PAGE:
I Kinda Miss Memphis
I miss being in Memphis a little bit.
That’s hard to explain to people that have never lived there. With high crime rates, poverty and a downtown where friends warn you to ‘try not to wander off by yourself or we’ll never see you again’, it’s hard to find many people that share that sentiment. Even people I know that lived there and then left seem hard-pressed to remember the redeeming qualities about it.
But like a rundown bar where you spent many a night in college, the place was home (albeit for a brief while) and I did learn to love it. And unlike most college bars, the food was magnificent. Huey’s, Kooky Canuck’s, Dyers and Gus’s were all excellent places to eat that you can’t find anywhere else and awesome barbecue places (Leonard’s, Central and Rendezvous to name but a few) were so soul-crushingly terrific that I honestly don’t like barbecue anywhere else anymore; no other place compares.
Sure, there was that messy thing where my car got stolen and I had to show up in court for a case that, to my knowledge, was never actually called while I was there. But shit happens; I can’t blame Memphis (a city I legitimately came to enjoy) because someone stole my car. I can blame a judicial system that lost said thief on two occasions and seems bent on becoming a caricature of itself, but I can’t blame the city. Eventually, something shitty is going to happen to me in Nashville; that’s just how these things work.
I’m not a tough guy, as you can probably guess. But I felt tough in Memphis. There was something about telling people you lived in the shadow of 201 Poplar that seemed to give you a bit of instant street cred. Whenever I came home for an event and casually mentioned, “Yeah, I’m living in Memphis right now,” I immediately became a badass. At least that’s how it went in my head.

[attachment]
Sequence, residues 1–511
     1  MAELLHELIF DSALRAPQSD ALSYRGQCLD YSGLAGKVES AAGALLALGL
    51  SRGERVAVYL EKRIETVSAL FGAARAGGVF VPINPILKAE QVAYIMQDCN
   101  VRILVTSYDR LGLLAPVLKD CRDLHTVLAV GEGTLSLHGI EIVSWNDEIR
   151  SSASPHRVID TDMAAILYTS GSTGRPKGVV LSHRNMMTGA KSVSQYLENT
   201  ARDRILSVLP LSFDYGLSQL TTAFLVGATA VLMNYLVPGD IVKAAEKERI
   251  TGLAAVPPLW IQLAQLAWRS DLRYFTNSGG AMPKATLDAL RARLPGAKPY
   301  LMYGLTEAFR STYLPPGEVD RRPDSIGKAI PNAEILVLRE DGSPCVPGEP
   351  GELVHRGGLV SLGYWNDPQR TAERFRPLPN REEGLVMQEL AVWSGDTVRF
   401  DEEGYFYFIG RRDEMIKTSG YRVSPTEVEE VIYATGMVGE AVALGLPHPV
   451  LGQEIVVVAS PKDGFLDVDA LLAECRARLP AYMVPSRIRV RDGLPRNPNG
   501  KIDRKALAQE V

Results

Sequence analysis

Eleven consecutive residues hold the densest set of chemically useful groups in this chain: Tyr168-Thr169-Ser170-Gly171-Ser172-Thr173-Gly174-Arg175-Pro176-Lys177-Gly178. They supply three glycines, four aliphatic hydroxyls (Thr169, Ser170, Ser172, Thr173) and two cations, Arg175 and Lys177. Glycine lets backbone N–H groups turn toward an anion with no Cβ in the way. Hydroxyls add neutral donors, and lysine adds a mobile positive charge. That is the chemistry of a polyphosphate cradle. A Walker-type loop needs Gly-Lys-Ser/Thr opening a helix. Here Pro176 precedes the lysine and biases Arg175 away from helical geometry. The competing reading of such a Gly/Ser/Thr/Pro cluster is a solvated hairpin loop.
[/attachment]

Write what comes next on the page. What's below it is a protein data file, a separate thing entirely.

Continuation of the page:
Now look at me; I live in the suburbs. I have a tiny dog that likes to go on walks. I haven’t heard a gunshot in my neighborhood in over a year. I’m not going to lie, I miss that a bit. Who knew the prevailing notion that you could die at any moment would make one nostalgic?
(Also missed: the kind folks at 570 Normal, otherwise known as the Memphis Athletic Media Relations staff. How and why you people put up with me for a solid year where I both didn’t know what I was doing and didn’t know how to behave is one of life’s great mysteries. You should all be nominated for sainthood, but since I’m most likely heading to hell I can’t be the one to nominate you.)
The downtown danger is overrated; I feel it’s 10 times more likely that some meathead will punch me in the face in downtown Nashville than I felt that some gangbanger would decide to stab me in the stomach and steal my wallet in Memphis. Since so many people feel unsafe the Memphis landmarks like Beale Street, AutoZone Park and the Orpheum always had a handful of cops around to ‘assess’ the situation.
(That couldn’t be said about Graceland; do not go to Graceland after dark, or before dark for that matter. That place is dangerous.)
Am I pining to move back to Memphis? Hell no. Once was enough; I like Nashville. I’m comfortable here. Memphis took me out of my comfort zone for a year, and that was probably the best possible thing that could have happened to me. It forced me to grow up, do shit for myself and accept that sometimes bad stuff just happens. Thanks Memphis.